Photo by Jim Hill

… there was something completely random, like this parade’s synchronized shopping cart unit.

Photo by Jim Hill

And for every piece of authentic Americana (EX: That collection of antique John Deere tractors that came chugging through the city) …

Photo by Jim Hill

… there was something silly. Like – say – a woman dressed as a Holstein pushing a baby stroller through the streets. And riding in that stroller was a pig dressed in a tutu.

Photo by Jim Hill

And given that this event was being staged in the Green Mountain State & all … Well, does it really surprise you to learn that — among the groups that marched in this year’s Strolling of the Heifers – was a group of eco-friendly folks who, with their  chants of “We’re Number One !,” tried to persuade people along the parade route not to flush the toilet after they pee. Because – as it turns out – urine can be turned into fertilizer.

Photo by Jim Hill

And speaking of fertilizer … At the tail end of the parade, there was a group of dedicated volunteers who were dealing with what came out of the tail end of all those cows.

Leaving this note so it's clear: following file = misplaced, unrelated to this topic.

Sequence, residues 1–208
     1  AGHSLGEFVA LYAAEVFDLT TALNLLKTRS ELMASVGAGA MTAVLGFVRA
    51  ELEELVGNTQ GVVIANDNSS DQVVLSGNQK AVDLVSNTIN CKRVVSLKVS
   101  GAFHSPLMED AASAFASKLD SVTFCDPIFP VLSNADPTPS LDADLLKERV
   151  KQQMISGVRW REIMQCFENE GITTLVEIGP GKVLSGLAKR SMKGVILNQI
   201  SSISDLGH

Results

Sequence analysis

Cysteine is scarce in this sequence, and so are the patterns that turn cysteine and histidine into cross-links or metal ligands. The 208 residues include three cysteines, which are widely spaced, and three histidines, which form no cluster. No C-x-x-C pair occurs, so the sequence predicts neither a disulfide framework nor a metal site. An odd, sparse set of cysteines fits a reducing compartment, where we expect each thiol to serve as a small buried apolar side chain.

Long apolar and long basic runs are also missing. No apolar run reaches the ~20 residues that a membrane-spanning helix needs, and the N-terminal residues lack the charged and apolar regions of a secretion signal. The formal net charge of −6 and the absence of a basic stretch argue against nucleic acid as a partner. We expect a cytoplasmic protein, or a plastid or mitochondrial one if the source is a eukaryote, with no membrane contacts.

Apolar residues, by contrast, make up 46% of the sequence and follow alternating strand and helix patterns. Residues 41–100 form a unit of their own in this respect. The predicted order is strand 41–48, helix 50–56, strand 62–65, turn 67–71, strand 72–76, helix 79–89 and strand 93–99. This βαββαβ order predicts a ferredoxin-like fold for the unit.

Photo by Jim Hill

This year’s Strolling of the Heifers concluded at the Brattleboro town common. Where event attendees could then get a closer look at some of the featured units in this year’s parade…

Photo by Jim Hill

… or perhaps even pet a few of the participants.

Photo by Jim Hill

But as for the 90+ calves who took part in the 2017 edition of Strolling of the Heifers, once they reached the town common, it was now time for a nosh or a nap.

Photo by Jim Hill

Elsewhere on the common, keeping with this year’s “Dance to the Moosic” theme, various musical groups performed in & around the gazebo throughout the afternoon.

Photo by Jim Hill

While just across the way – keeping with Brattleboro’s tradition of showcasing the various artisans who live & work in the local community – some pretty funky pieces were on display at the Slow Living Exposition.

Photo by Jim Hill

All in all, attending Strolling of the Heifers is a somewhat surreal but still very pleasant way to spend a summer’s day in Vermont. And that’s no bull.

Photo by Jim Hill

Well, that could be a bull. To be honest, what with the wig & all, it’s kind of hard to tell. 

This article was originally published by the Huffington Post on Sunday, June 4, 2017

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Looking to make an authentic Irish meal for Saint Patrick’s Day? If so, then chef Kevin Dundon says not to cook corned beef & cabbage